This from the BBC News website:
Drug test kits for Milan parents
By Christian Fraser
BBC News, Rome
Milan's local council has given 4,000 families free doping kits to test their children for drugs.
The kits have been handed to parents of children aged between 13 and 16 as part of a new initiative to tackle a rise in drug use among young Italians.
A 2002 study in Milan's home region of Lombardy found nearly half of all teenagers had experimented with drugs.
The kit will show up a trace of cocaine, cannabis, amphetamine or opiates in a urine sample.
Letters offering free drug test kits will be arriving in letterboxes over the course of the next few days.
Rise in cocaine
The offer is aimed at parents of 13- to 16-year-old children, the group considered most at risk in Italy from a worrying rise in cocaine use.
The drugs kit idea is that of the right-wing National Alliance party.
Their representative, local Health Minister Carla De Albertis, said she recently tested her children and now she wants to give other parents the same opportunity.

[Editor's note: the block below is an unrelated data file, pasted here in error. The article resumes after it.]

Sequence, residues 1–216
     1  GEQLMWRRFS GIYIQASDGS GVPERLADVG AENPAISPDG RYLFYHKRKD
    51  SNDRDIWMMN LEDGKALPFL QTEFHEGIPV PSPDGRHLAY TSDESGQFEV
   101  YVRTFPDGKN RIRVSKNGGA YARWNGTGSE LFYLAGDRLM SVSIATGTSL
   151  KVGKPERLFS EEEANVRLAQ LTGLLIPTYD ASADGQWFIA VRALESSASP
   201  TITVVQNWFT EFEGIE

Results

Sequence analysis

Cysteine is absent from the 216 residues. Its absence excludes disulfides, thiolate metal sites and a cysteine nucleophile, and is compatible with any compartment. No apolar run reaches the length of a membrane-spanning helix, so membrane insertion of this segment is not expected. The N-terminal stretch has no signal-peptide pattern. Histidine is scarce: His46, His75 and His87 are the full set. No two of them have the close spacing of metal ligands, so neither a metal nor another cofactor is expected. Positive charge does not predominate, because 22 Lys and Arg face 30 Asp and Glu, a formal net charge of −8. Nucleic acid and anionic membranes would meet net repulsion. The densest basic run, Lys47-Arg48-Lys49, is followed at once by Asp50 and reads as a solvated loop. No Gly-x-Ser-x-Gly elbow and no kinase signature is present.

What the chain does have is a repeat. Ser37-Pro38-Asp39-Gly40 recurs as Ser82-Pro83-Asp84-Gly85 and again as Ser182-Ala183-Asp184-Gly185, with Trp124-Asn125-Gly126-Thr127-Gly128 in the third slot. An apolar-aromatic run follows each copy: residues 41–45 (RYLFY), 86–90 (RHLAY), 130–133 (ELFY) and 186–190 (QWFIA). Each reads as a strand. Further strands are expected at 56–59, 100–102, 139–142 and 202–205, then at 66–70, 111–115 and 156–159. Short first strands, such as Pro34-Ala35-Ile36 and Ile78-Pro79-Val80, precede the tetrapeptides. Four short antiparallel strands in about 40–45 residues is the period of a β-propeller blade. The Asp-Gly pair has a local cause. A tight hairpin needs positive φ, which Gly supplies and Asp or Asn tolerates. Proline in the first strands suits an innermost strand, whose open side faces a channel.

"I want to return the family to its role - I mean education, prevention, control," she said.
"We want the families to speak with their children about drugs. I'm not turning parents into policemen. It's a free opportunity, the family should know."
According to recent figures from the interior ministry, cocaine use in Italy has almost doubled since 1995, with average prices falling as low as 30 euros a gram in some cities.
It is no longer the drug of the wealthy elite with students and teenagers are becoming habitual users.
Some mothers said they were concerned about drug use and would take up the offer of a free testing kit.
"Cannabis is everywhere these days," said Rosella Brimbola, a mother of two.
"But if I went searching through my daughter's letters or through her personal things then I'd lose her trust. This is a test we can do together and if there is a problem then we can resolve it together."
But there has been some harsh criticism from politicians on the centre-left.
Local councillor Marilena Adamo said getting parents to spy on their children is not the answer. But the National Alliance are encouraging councillors to try the test for themselves. So far, it has only been offered to parents in one area of the city, but if it is successful and can be funded, the party say they would like to extend this programme across the city.